Please decorate safely this holiday season
The Holiday Season is upon us. To avoid risk of serious injury and potential property loss, please follow these guidelines when decorating university office space. This message of safety is provided by Elaina Perry, Fire Safety Specialist, Environmental Health and Safety Office.
- Types of Decorations. Fire code requires all decorations to be non-combustible; those made of combustible material must be treated with a U.L. listed fire retardant.
- Location. Do not place decorations on doors leading to building corridors or within the corridor itself. In addition, care should be taken not to block access to exits or create tripping hazards in walkways.
- Lighting. All decorative lighting should be U.L. listed and of the type that does not produce heat. You should be able to hold a bulb between your fingers without discomfort for an indefinite period of time.
The temporary use of extension cords is usually unavoidable. However, never leave decorative lighting energized during non-office hours. Do not run extension cords from one room to another, and never string cords across doorways or walkways.
Do not string cords together! If your decorative lighting is too far from an outlet for one extension cord to reach, move the decorations closer, or do not use them. Outdoor lights and energized decorations must be equipped with ground fault interrupters (GFIs).
- Remember: use of open flame (i.e., candles, luminaria, incense) is prohibited.
- Live or harvested trees should be less than five feet in height and placed in common areas only (reception areas, meeting rooms, break rooms). Never place trees near exit doors, exit aisles or in corridors.
- Trees used indoors are required to be treated with flame retardant.
- A tag must be affixed to the tree when purchased stating the date of the sale, type of fire retardant used for treatment, the name of the person who applied the treatment and the name of the person affixing the tag.
- A support device must be used to hold the tree in a stable, upright position. These devices must be of a type that:
- Does not damage or require the removal of the tree stem base.
- Holds the tree securely and prevents the tree from tipping over. A minimum of six inches diameter is required for a one-foot tree, with two inches additional width for every foot over one foot of height. Wider bases are highly recommended.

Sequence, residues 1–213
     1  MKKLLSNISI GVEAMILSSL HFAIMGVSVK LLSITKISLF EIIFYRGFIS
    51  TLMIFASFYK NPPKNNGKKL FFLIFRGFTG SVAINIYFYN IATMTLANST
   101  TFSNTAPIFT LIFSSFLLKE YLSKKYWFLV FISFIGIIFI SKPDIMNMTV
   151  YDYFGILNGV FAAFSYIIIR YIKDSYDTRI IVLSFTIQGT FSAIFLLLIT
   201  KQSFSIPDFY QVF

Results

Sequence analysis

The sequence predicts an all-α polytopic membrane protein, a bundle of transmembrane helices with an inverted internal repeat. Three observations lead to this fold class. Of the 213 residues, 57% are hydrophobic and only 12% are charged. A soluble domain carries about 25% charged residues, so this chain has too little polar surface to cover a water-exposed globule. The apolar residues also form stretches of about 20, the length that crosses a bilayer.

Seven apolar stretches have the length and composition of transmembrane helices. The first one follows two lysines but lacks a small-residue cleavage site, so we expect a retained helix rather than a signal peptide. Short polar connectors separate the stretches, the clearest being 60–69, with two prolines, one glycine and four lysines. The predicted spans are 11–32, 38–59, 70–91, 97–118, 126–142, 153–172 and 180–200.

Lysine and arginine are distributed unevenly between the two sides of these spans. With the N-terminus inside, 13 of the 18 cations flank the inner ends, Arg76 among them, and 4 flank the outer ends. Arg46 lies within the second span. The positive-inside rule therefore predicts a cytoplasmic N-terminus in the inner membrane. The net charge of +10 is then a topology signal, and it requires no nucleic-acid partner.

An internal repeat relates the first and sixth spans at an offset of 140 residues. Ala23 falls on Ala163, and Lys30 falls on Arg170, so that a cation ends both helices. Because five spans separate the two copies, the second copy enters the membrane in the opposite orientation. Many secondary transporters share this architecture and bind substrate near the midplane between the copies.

- Must be capable of holding a minimum of one-half gallon of water, covering the tree stem at least two inches.
Additional safety tips for indoor tree decorating
- Use hot tap water for the initial watering. The stand must never be allowed to become dry. If the stand becomes dry, the tree should be removed from the building.
- Trees can be checked for dryness by the following method: Stand in front of a branch and grasp it near the trunk with a reasonably firm pressure. Pull your hand toward you, allowing the branch to slip through your grasp. If needles fall off readily, the tree does not have the adequate moisture content and should be removed from the building.
- Decorate trees with non-combustible ornaments only. Never use paper, cloth, or cardboard decorations.
- Tree lights must be non-heat producing type (mini lights or LED) that are U.L. listed.
- Do not use electric lights on metal trees; light them with companion spotlights only.
Trees should be placed in areas away from sources of ignition. Never place a tree near heaters, heat-producing appliances, lighting fixtures, televisions or computers.
Remove trees promptly after the holidays.
Related Training in [email protected]
- Fire Extinguisher Hands-On Training (UIC_31)
- Fire Extinguisher Use (ID01)
- Fire Safety - Flammable Liquids (UIC_32)
- Fire Safety - General (UIC_33)
- Fire Safety in the Workplace (ID22)
For more information
Fire Safety Specialist